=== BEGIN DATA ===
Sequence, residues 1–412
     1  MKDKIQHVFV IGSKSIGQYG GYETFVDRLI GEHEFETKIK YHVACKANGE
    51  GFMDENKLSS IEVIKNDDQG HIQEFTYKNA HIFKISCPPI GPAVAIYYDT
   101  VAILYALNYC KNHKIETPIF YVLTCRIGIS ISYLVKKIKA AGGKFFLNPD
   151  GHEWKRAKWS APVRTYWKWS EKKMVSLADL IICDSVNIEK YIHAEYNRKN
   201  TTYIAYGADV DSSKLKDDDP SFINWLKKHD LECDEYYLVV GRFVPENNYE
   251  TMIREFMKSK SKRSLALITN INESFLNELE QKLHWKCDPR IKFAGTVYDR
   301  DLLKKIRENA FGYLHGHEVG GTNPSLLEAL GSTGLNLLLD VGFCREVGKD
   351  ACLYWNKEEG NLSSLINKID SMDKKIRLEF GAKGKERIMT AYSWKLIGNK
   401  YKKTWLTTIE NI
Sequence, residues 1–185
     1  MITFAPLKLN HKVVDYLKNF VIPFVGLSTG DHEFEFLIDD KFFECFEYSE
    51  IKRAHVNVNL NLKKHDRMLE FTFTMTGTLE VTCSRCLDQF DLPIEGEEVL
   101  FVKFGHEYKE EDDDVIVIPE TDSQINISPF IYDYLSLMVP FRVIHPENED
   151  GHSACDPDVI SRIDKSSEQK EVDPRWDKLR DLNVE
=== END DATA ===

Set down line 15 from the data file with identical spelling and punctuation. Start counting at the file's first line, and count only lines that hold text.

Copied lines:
   151  GHSACDPDVI SRIDKSSEQK EVDPRWDKLR DLNVE